Asked by Senator John Kennedy if she had “opinions” on climate change, Barrett hesitated.

“I’m certainly not a scientist,” she said. “I’ve read things about climate change. I would not say that I have firm opinions on it.”

Sen. Kamala Harris later pushed Barrett further on the issue of climate change.

“Do you believe that climate change is happening and it’s threatening the air we breathe and the water we drink?” asked Harris.

“I will not express a view on a matter of public policy, especially one that is controversial,” Barrett said.

Harris thanked Barrett, saying the nominee had made her position quite clear. The problem is not just that the appointment of Coney Barrett is a gross distortion of democracy, putting into place an un-elected ideological player that will distort social policy for years to come. The problem is not only the panoply of basic human rights she seems to be ignorant of. The problem is that the Supreme Court will be pivotal if Trump refuses to leave office.

Coney Barrett’s views are fractal. You can see them fanning out across America. But she is not stupid. She is studiously ignorant for ideological reasons. This is very different.

Climate change isn’t controversial. A refusal to state simple facts is. In fact, it’s deeply political.

This measured, clever ignorance can be seen closer to home. Here’s Alex Massie writing in the Spectator about the climate change and the 10:10 project which produced the climate film The Age of Stupid:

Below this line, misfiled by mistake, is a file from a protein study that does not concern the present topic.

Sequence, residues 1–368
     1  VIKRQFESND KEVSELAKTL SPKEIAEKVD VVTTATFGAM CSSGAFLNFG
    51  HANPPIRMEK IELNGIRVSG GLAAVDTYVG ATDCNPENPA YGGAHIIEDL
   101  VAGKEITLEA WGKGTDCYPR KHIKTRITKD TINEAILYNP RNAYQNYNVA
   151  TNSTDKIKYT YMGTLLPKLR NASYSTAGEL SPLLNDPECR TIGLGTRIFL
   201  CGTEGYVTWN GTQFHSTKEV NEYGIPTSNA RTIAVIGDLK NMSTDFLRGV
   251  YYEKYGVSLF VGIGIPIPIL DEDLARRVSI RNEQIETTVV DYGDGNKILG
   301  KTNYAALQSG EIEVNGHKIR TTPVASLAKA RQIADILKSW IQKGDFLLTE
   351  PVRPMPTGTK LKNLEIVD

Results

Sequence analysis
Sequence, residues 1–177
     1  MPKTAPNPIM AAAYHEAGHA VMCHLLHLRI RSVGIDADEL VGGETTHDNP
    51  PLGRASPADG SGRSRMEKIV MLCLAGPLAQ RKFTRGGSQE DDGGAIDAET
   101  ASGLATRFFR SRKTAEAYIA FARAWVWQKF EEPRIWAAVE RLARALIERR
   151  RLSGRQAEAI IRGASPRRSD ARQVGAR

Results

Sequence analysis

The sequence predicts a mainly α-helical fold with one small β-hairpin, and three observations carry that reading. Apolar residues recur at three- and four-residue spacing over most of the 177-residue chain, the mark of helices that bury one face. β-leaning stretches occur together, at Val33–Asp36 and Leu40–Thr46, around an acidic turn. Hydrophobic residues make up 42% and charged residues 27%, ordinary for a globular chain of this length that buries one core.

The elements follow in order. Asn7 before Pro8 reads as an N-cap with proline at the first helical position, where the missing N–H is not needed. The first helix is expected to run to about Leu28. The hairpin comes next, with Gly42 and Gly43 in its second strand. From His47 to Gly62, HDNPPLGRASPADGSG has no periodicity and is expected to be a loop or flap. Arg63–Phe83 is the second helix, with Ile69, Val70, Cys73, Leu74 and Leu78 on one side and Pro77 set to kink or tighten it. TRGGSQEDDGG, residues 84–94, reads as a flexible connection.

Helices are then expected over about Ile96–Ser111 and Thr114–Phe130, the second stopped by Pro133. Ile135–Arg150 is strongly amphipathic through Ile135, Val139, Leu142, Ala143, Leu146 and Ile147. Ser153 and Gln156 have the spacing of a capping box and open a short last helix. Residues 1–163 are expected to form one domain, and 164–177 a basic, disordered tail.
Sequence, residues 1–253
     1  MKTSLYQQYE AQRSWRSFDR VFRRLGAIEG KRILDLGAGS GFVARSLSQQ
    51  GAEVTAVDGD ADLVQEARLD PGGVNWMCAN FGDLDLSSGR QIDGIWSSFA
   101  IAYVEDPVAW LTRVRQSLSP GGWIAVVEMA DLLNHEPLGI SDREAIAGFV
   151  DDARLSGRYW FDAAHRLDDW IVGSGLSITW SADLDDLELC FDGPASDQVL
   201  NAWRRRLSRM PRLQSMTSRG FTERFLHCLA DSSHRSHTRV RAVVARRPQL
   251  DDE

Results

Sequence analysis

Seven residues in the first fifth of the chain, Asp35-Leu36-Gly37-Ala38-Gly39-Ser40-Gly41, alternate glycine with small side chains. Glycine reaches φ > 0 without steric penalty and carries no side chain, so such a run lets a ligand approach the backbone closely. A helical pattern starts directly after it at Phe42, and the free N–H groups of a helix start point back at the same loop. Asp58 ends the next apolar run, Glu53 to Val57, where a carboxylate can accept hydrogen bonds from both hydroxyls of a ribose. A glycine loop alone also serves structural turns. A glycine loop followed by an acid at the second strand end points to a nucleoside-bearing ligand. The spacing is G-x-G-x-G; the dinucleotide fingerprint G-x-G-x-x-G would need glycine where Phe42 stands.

“Long-time and recent readers alike will have noticed that I almost never write about climate-change or global warming or whatever you want to call it. That’s because I think it an unusually tedious subject about which I lack both the ability and the interest to either care or make an informed judgement. Like many people, then, I take the view that it may well be a biggish problem but, as that wise man Mr Micawber nearly said, something may turn up to help us out of the jam. It is the Iran-Iraq War of policy debates in which one wishes that the most passionate advocates on either side could, well, just shut up.

Nevertheless, Nevertheless, it’s good to discover that Richard Curtis, long-time purveyor of smug, self-satisfied tripe, has produced this ad for something called the 10:10 campaign. Watch it and see if you don’t feel like starting your own oil company or burning anything you can just because you can…”